A referendum to repeal an ordinance passed by the Kodiak Borough Assembly earlier this month will not make it on the October municipal election ballot.
A letter to the repeal’s backers from Borough Clerk Nova Javier said the petition application was rejected by the borough’s attorney because needed paperwork was not provided and the ordinance itself isn’t actually subject to referendum.
The ordinance in question deals with debate decorum – how people, be it members of the community or assembly members, conduct themselves during meetings, including the public comment portion. The language included in the ordinance, which was passed on July 3, was taken directly from Robert’s Rules of Order – the standard for governing proceedings used by the borough assembly, and many other groups and organizations, for decades.
“All this did was make the actual paragraph in the Robert’s Rules part of our code, so that when the mayor needs to reference, he clicks on his iPad, chapter 2.3 comes up and he can cite it to someone.”
That’s Assemblywoman Chris Lynch, who cosponsored the ordinance with Assemblywoman Carol Austerman. Lynch said the ordinance didn’t change anything about borough code, it simply emphasized a policy already in place and made it more accessible as its own ordinance, rather than buried in Roberts Rules.
“We follow Robert’s Rules of Order but we don’t sit there with a Robert’s Rules of Order for dummies book – where as we do have borough code that we can call up right away.”
Austerman said the ordinance came about as a way to help simplify the process for handling comments that might be out of line during a meeting. Over the past year there have been a handful of instances where people, both from the community and on the assembly, have had point of order called on them for making hostile comments.
“Personally hostile. Not based on decisions made or on issues in front of the assembly, but personal hostile public comment, which is not acceptable under Robert’s Rules of Order.”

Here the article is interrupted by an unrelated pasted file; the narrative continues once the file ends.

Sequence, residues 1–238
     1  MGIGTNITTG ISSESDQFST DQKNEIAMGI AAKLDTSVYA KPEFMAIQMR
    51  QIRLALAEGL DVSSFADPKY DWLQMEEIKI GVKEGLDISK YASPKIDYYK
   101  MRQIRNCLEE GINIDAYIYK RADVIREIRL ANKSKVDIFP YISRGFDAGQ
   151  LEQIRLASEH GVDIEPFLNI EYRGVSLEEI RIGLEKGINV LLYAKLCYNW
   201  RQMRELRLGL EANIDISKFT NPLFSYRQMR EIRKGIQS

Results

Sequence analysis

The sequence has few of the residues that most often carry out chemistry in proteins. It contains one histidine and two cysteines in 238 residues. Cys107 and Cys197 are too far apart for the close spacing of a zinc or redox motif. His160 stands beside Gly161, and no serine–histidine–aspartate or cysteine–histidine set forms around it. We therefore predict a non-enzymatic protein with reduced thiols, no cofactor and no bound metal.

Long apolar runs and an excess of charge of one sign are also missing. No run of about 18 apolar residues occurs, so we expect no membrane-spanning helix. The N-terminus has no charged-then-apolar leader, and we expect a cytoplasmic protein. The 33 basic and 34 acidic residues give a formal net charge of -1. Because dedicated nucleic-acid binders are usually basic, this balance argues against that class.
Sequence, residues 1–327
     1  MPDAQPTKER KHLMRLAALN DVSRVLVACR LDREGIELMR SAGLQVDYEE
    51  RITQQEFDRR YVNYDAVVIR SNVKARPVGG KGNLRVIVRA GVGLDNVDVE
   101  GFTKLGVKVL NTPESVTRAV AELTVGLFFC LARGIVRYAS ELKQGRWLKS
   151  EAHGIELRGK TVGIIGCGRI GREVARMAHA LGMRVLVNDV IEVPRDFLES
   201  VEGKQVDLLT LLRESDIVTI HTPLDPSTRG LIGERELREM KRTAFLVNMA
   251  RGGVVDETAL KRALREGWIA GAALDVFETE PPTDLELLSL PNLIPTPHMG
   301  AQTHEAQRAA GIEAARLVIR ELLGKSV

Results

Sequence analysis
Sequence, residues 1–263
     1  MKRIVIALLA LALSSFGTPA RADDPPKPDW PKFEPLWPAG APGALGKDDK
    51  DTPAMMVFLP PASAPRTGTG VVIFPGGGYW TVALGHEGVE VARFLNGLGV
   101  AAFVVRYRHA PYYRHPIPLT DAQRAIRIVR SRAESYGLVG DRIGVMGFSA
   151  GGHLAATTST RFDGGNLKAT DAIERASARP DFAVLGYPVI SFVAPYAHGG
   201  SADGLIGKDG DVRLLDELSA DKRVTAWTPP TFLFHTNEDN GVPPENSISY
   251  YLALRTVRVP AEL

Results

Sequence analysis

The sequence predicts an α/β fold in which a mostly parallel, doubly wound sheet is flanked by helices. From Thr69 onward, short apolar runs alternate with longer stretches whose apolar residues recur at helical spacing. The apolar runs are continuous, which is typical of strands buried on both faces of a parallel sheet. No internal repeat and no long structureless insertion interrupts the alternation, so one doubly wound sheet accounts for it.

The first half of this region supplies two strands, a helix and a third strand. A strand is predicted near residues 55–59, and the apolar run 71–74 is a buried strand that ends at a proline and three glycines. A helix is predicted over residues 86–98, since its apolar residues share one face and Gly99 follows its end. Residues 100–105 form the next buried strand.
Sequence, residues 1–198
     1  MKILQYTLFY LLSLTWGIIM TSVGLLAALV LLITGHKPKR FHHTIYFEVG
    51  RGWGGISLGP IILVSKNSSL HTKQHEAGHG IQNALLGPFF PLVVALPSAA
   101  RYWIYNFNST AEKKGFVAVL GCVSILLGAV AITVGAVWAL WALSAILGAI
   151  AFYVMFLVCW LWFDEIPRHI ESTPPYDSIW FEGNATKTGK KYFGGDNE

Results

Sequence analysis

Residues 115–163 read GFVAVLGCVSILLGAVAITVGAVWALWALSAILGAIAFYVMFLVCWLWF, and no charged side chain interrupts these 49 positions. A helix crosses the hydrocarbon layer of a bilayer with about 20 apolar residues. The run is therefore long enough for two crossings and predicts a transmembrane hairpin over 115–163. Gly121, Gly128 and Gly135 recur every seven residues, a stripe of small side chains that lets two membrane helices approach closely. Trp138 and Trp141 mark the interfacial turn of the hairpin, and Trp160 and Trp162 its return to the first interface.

When point of order is called, it’s up to the borough mayor to decide if people were truly out of line in their commentary, much like a judge can overrule or sustain an objection in court. Even if the mayor allows the point of order, people are still permitted to talk; they just need to do so in a more appropriate manner.
Both Austerman and Lynch said the goal was never to silence people, but rather make sure they were actually addressing borough policies and procedures, not criticizing staff or assembly members.
Still, some have interpreted the ordinance as a violation of free speech. Betty MacTavish was behind the petition to repeal the ordinance and said she understands the ordinance is based on Robert’s Rules of Order, but doesn’t believe it should be applied to community members.
“A citizen coming in to make a comment has not been trained in Robert’s Rules of Order. So having a citizen feel comfortable enough to come before the assembly, (they) should be able to speak. So Robert’s Rule’s of Order in addressing each other as assembly members, but should not pertain to citizen’s comments.”
MacTavish said Robert’s Rules are indeed applied to debate decorum, but community comments aren’t part of a debate and therefore shouldn’t be held to those proceedings. She said people do sometimes get heated during their commentary, but their three minutes of public comment shouldn’t be hindered.
Getting back to the referendum petition that MacTavish applied for and was denied, a written opinion from the borough attorney said the ordinance in question is what’s called an administrative ordinance and can’t be repealed by referendum, which is why it was denied. Legislative ordinances can be subject to referendum, but administrative ones carry out borough policies and procedures already in place.
MacTavish said she and those who support the repeal are planning to resubmit the application, this time including paperwork that was missing the first time. She said it will likely be denied again due to the administrative nature of the ordinance, but she feels it’s important to keep standing up for individual opinions in the community.
Another option is that the assembly revisit the matter and vote to repeal it themselves. Austerman said that isn’t likely, and even if it was repealed by the assembly it wouldn’t change how the meetings are run, because Robert’s Rules still govern them.